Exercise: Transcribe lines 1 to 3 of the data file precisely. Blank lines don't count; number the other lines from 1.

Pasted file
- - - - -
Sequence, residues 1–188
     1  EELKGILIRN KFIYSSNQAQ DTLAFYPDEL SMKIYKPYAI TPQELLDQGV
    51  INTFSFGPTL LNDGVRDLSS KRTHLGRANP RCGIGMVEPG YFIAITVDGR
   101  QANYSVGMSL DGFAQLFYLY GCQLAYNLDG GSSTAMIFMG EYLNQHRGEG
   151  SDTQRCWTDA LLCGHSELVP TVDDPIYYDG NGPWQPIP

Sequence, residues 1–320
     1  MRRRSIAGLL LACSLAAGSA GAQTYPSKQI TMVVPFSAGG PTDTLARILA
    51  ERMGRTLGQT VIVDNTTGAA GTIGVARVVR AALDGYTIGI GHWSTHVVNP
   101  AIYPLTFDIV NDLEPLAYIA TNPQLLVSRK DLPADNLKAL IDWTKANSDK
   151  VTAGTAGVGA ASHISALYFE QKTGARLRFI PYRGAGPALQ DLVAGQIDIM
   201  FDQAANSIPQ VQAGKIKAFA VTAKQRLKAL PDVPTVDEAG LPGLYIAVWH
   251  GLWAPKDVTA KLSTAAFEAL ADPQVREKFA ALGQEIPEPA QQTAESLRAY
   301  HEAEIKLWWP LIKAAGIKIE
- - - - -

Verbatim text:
Sequence, residues 1–188
     1  EELKGILIRN KFIYSSNQAQ DTLAFYPDEL SMKIYKPYAI TPQELLDQGV
    51  INTFSFGPTL LNDGVRDLSS KRTHLGRANP RCGIGMVEPG YFIAITVDGR